The Beauty of Compassion
Image by skeeze from Pixabay

The first time I ever saw “Lana” she was already on the witness stand as I walked into the court room. I was a new attorney, still in my 20s. I had never seen a divorce before. I didn’t even really know anyone who had been divorced.

Most of the work I had done until then was for other lawyers, drafting the contracts they had negotiated, briefing cases they needed for court, interviewing their witnesses. I didn’t know what type of law I would eventually practice. I had a brand new shiny degree and I was still figuring it out.

I was one of three attorneys from our firm in the courthouse that day. Two of us were on a civil matter and one was handling a family case. When there was a break in one, I’d go sit in on the other to see which attorney might need my help.

I walked into the family law courtroom and slipped into an empty seat in the back row. My associate was interviewing a woman on the witness stand. The witness sat in front of the courtroom full of people and with perfect calm, grace, and poise answered every question put to her, while tears silently rolled down her cheeks.

She was only a couple years older than I was and in that moment she was becoming a self-supporting single mom. By choice. The husband was her high school sweetheart, and she loved him, but he couldn’t settle down and raise a family with her and she could no longer support him, herself, and their two year old son. She was cutting him loose, and it was breaking her heart.

I didn’t know most of this at the time.  What I knew was this, the judge asked her why she had agreed to accept decreased child support, and she looked across the room to where her husband sat staring down at his hands.   “My husband is a landscaper,” she told the judge.  “His work is seasonal and when he doesn’t have work he doesn’t have money. I can’t ask him to give me what he doesn’t have.  I know that when he makes money he’ll take care of me and Luke.”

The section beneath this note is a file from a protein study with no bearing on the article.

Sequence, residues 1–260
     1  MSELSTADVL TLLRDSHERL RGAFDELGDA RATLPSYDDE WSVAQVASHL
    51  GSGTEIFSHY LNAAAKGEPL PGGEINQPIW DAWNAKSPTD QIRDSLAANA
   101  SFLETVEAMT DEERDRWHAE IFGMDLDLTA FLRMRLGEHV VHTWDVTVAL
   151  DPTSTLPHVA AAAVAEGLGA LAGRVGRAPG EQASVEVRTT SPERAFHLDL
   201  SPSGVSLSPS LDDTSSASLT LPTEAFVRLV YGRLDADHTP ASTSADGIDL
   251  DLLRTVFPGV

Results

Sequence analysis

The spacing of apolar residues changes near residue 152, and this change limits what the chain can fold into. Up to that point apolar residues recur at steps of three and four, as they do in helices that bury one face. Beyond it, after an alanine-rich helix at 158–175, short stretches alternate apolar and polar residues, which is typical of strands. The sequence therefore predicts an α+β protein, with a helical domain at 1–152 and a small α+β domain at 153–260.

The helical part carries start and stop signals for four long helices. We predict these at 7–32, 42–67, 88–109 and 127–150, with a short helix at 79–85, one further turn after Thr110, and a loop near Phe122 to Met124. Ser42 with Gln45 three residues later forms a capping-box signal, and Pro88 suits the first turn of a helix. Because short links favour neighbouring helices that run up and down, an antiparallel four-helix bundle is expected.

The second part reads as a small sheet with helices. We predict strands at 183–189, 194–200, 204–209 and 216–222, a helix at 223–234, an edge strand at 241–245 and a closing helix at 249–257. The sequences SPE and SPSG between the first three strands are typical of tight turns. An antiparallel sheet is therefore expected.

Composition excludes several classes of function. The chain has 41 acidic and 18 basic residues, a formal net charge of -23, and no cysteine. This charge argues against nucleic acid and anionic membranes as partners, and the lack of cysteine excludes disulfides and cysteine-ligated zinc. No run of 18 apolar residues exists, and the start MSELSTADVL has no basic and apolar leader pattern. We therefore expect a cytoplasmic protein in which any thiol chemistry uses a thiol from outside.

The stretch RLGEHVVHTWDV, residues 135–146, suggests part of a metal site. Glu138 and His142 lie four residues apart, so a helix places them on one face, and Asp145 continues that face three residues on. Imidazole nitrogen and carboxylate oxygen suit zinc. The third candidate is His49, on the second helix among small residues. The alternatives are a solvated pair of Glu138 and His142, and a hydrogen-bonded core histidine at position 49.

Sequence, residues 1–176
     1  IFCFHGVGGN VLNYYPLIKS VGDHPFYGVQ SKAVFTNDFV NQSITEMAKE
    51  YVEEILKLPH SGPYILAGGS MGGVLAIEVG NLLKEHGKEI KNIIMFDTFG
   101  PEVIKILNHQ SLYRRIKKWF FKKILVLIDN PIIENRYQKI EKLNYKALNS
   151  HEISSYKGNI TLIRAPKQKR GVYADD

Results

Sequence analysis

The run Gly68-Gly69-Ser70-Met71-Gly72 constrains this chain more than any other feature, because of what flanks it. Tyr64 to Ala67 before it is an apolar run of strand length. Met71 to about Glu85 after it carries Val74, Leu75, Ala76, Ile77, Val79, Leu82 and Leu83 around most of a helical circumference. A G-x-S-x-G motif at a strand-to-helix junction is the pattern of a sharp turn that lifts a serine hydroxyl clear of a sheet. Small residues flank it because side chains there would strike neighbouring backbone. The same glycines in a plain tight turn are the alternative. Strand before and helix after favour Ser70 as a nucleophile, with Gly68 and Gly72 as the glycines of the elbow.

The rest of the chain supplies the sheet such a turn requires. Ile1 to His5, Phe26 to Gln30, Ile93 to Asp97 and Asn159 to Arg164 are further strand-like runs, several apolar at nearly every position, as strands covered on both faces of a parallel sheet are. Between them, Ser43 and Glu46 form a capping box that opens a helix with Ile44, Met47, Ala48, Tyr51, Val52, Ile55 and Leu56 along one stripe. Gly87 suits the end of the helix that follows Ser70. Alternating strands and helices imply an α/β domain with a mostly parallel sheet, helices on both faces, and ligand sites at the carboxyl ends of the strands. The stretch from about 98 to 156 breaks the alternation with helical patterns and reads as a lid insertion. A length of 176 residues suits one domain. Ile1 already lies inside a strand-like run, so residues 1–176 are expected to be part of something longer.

The judge reminded both parties that if he did not “take care of her” she could always come back to court and ask for more child support.  Then he pronounced them single and unmarried.  She thanked the judge, stood up from the witness stand and walked straight past her lawyer and over to her ex-husband, where he stood waiting for her.  They did not say a word to each other.  They just stood there, facing each other, each holding both of the other’s two hands with their foreheads touching and tears falling on the floor at their feet.

I have never seen another divorce like it. I am proud to say that I became friends with Lana and more than twenty years later still count her as one of my dearest friends.  In that moment she was, in every way, one of the most beautiful people I have ever seen. I have learned so much from her strength and generosity of spirit in all of these years, but never more than I learned from her the very first time I ever saw her.

And  . . . she never had to go back and ask for more child support.

What We Love:  Sometimes giving people the benefit of the doubt works to your own benefit.

Published by Sharon Oberst DeFala

Sharon Oberst DeFala has practiced low-impact safe divorce since 1992.

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